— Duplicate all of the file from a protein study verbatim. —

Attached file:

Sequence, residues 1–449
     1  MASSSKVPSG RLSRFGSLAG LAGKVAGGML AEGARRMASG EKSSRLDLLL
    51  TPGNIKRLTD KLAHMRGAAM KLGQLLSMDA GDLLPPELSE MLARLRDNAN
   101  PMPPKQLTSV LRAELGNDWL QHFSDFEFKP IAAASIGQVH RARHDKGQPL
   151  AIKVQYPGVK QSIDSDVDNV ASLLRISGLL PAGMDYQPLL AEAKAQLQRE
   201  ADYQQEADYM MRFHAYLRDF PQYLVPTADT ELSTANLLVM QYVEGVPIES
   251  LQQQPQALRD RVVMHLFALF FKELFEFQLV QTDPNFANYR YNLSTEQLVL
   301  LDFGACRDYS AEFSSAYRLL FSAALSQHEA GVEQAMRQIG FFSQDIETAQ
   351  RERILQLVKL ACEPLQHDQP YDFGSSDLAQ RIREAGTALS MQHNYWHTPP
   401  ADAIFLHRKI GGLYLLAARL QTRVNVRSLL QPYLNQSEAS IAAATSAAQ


Sequence, residues 1–449
     1  MASSSKVPSG RLSRFGSLAG LAGKVAGGML AEGARRMASG EKSSRLDLLL
    51  TPGNIKRLTD KLAHMRGAAM KLGQLLSMDA GDLLPPELSE MLARLRDNAN
   101  PMPPKQLTSV LRAELGNDWL QHFSDFEFKP IAAASIGQVH RARHDKGQPL
   151  AIKVQYPGVK QSIDSDVDNV ASLLRISGLL PAGMDYQPLL AEAKAQLQRE
   201  ADYQQEADYM MRFHAYLRDF PQYLVPTADT ELSTANLLVM QYVEGVPIES
   251  LQQQPQALRD RVVMHLFALF FKELFEFQLV QTDPNFANYR YNLSTEQLVL
   301  LDFGACRDYS AEFSSAYRLL FSAALSQHEA GVEQAMRQIG FFSQDIETAQ
   351  RERILQLVKL ACEPLQHDQP YDFGSSDLAQ RIREAGTALS MQHNYWHTPP
   401  ADAIFLHRKI GGLYLLAARL QTRVNVRSLL QPYLNQSEAS IAAATSAAQ